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Don’t Invest In What You Know

Devils Advocate Logo
This is a Devil's Advocate post.

One of Peter Lynch’s most famed principles of investing is “Invest in what you know.”

I humbly disagree.

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 Investing 
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Pick Investments Strategies That Fit Your Lifestyle

Blurry Stock TickerThe key to a successful investment plan is to pick one that fits your personal style. If you’re always busy and simply can’t find the time to pay attention to your investments, you need to pick a style that matches your life. There’s no sense adjusting your life to your investments, it should be the other way around. It’s difficult to pigeonhole anyone into one particular bucket but find the various suggestions in each grouping to see how best to use them to match your life.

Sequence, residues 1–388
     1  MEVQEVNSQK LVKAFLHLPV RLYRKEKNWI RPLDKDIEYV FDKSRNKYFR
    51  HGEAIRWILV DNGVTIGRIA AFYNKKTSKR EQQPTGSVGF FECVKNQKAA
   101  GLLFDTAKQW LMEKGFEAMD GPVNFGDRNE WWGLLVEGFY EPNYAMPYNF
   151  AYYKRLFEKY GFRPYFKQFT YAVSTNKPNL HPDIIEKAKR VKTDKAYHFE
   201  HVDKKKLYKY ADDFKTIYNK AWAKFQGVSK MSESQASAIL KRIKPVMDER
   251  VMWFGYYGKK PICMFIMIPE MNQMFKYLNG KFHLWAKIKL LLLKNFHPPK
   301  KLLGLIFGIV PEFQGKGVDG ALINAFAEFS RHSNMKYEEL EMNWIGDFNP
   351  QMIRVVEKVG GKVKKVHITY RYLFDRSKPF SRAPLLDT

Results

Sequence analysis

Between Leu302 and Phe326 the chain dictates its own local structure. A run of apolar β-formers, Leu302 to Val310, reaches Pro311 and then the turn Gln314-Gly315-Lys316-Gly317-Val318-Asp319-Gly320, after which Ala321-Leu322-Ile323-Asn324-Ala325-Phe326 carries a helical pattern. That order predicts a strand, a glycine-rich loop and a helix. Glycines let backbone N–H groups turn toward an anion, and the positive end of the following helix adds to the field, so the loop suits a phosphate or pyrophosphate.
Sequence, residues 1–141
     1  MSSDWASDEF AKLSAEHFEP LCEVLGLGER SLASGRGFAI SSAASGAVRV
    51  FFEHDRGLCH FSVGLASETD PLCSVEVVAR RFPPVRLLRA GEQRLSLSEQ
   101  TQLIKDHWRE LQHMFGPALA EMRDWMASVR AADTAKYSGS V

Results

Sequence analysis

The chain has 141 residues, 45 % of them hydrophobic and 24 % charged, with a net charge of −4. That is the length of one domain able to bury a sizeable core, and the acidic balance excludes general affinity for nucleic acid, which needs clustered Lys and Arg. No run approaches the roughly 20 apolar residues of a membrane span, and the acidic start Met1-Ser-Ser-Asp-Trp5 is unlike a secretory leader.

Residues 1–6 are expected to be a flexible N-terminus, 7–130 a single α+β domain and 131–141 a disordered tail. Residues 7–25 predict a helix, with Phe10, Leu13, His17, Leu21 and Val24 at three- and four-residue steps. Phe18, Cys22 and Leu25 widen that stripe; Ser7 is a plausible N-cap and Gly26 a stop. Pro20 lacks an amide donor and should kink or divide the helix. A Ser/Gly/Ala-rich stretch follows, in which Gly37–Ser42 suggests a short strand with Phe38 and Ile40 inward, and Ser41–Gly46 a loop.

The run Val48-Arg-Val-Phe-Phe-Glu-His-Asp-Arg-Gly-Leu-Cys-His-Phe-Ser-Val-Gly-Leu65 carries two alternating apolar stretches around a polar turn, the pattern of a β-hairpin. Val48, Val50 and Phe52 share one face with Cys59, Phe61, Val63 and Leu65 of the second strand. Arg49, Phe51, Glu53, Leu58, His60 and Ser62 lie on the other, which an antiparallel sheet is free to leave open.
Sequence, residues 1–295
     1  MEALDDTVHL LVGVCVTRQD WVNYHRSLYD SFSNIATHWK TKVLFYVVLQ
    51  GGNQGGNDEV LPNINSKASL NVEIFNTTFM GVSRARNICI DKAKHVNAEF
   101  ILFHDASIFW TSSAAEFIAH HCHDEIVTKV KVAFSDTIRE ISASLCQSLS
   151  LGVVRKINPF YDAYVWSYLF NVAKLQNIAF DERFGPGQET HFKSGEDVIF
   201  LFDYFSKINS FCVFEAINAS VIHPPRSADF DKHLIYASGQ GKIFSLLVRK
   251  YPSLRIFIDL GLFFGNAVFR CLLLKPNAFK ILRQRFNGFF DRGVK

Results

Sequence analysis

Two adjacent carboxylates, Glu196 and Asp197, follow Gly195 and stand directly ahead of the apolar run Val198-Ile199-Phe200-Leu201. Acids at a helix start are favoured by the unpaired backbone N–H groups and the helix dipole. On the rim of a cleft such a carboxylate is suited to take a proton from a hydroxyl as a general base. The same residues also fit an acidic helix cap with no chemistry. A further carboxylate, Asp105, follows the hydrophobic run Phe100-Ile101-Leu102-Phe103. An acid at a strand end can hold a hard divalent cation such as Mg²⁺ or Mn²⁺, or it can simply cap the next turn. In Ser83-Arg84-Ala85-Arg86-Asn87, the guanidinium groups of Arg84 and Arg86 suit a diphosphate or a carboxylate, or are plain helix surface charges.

The Novice

Everyone starts as a novice, there’s absolutely no shame in being a beginner when it comes to the stock market. In fact, it’s probably better that you’re a beginner. It was the experts that got us into the whole sub-prime mortgage mess. Until they closed their doors, the halls of Bear Stearns was full of experts. That being said, if you’re a novice when it comes to the stock market, put your money into a high yield savings account and start playing with a “play portfolio” at one of the finance sites. While you’re learning, your savings will still earn a nice interest rate.

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 Investing 
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Introduction to Lazy Portfolios

Ever heard of the Margarita portfolio? How about the Couch Potato portfolio? Or the No-Brainer portfolio? No?

They’re all Lazy Portfolios.

A Lazy Portfolio is one that you can just set it and forget it and relies on low cost index funds or ETFs. There’s nothing particularly special about any Lazy Portfolio, besides their use of low cost index funds, and one isn’t necessarily better than another in all economic scenarios. As with any investing strategy, there are pros and cons. The pros, that it’s simple and you make few decisions, results in cons in that you may become complacent and ignorant of your investment decisions. It’s better to keep it simple and well understood than to make it complex and obfuscated. I’d rather make a choice that turned out wrong than make a decision I didn’t understand.